U.S. Blacklists Huawei in Escalating Trade Tension with China
The U.S. government’s disdain for (or fear of?) Huawei—a Chinese telecommunications and smartphone manufacturing firm with close ties to its government—is no big secret. The reasons for that are several fold, but they have only been ratcheted up of late as the U.S. and China have doubled down on their trade war.
This week, the Trump administration hit Huawei with some severe sanctions, and the Commerce Department said that it was adding the firm and 70 other affiliates to its “Entity List,” a move that bands those companies from acquiring components and technology from U.S. firms without the government’s approval. The explanation from Commerce Secretary Wilbur Ross for the latter move was that the U.S. wanted to “prevent American technology from being used by foreign owned entities in ways that potentially undermine U.S. national security or foreign policy interests.”
Further, the president signed an executive order this week that bars U.S. companies from using telecom equipment made by firms deemed to pose a national security risk. That order didn’t specifically name a specific country or company, but the intent is fairly clear here. That means major telecom companies—and even smaller rural-area companies—could face fines and other possible sanctions if they use Huawei-made equipment in their next-gen 5G networks that are currently being built out.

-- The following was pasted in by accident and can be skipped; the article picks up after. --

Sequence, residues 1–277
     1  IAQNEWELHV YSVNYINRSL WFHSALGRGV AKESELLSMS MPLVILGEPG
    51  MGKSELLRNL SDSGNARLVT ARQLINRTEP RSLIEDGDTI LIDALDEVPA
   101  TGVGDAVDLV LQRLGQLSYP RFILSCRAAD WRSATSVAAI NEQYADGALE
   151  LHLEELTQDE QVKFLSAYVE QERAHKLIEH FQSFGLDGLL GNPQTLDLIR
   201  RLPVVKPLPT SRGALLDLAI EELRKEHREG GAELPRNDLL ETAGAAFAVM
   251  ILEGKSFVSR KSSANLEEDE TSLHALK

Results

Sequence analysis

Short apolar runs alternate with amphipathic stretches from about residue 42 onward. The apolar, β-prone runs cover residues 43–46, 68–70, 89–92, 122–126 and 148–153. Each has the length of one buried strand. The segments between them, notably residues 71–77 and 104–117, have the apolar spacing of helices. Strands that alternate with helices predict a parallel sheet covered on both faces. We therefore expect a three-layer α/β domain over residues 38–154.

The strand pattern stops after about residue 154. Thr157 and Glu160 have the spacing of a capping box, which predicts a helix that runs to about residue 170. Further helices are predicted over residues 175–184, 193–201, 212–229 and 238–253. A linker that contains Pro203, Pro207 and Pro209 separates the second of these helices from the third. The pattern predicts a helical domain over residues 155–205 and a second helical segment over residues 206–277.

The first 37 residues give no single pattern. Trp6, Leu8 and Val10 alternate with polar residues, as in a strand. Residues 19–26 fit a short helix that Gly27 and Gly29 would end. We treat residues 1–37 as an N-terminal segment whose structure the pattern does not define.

Granted, the big four in the space—Verizon, AT&T, T-Mobile, and Sprint—have all already said they don’t plan to use Huawei’s technology in their 5G networks, the ban could impact plenty of smaller, rural firms looking to service those harder to reach pockets of the country.
“Huawei is the unparalleled leader in 5G. We are ready and willing to engage with the US government and come up with effective measures to ensure product security,” a spokesperson for Huawei told CNBC, in response to the Trump administration’s actions.
“Restricting Huawei from doing business in the US will not make the US more secure or stronger; instead, this will only serve to limit the US to inferior yet more expensive alternatives, leaving the US lagging behind in 5G deployment, and eventually harming the interests of US companies and consumers,” the statement said. “In addition, unreasonable restrictions will infringe upon Huawei’s rights and raise other serious legal issues.”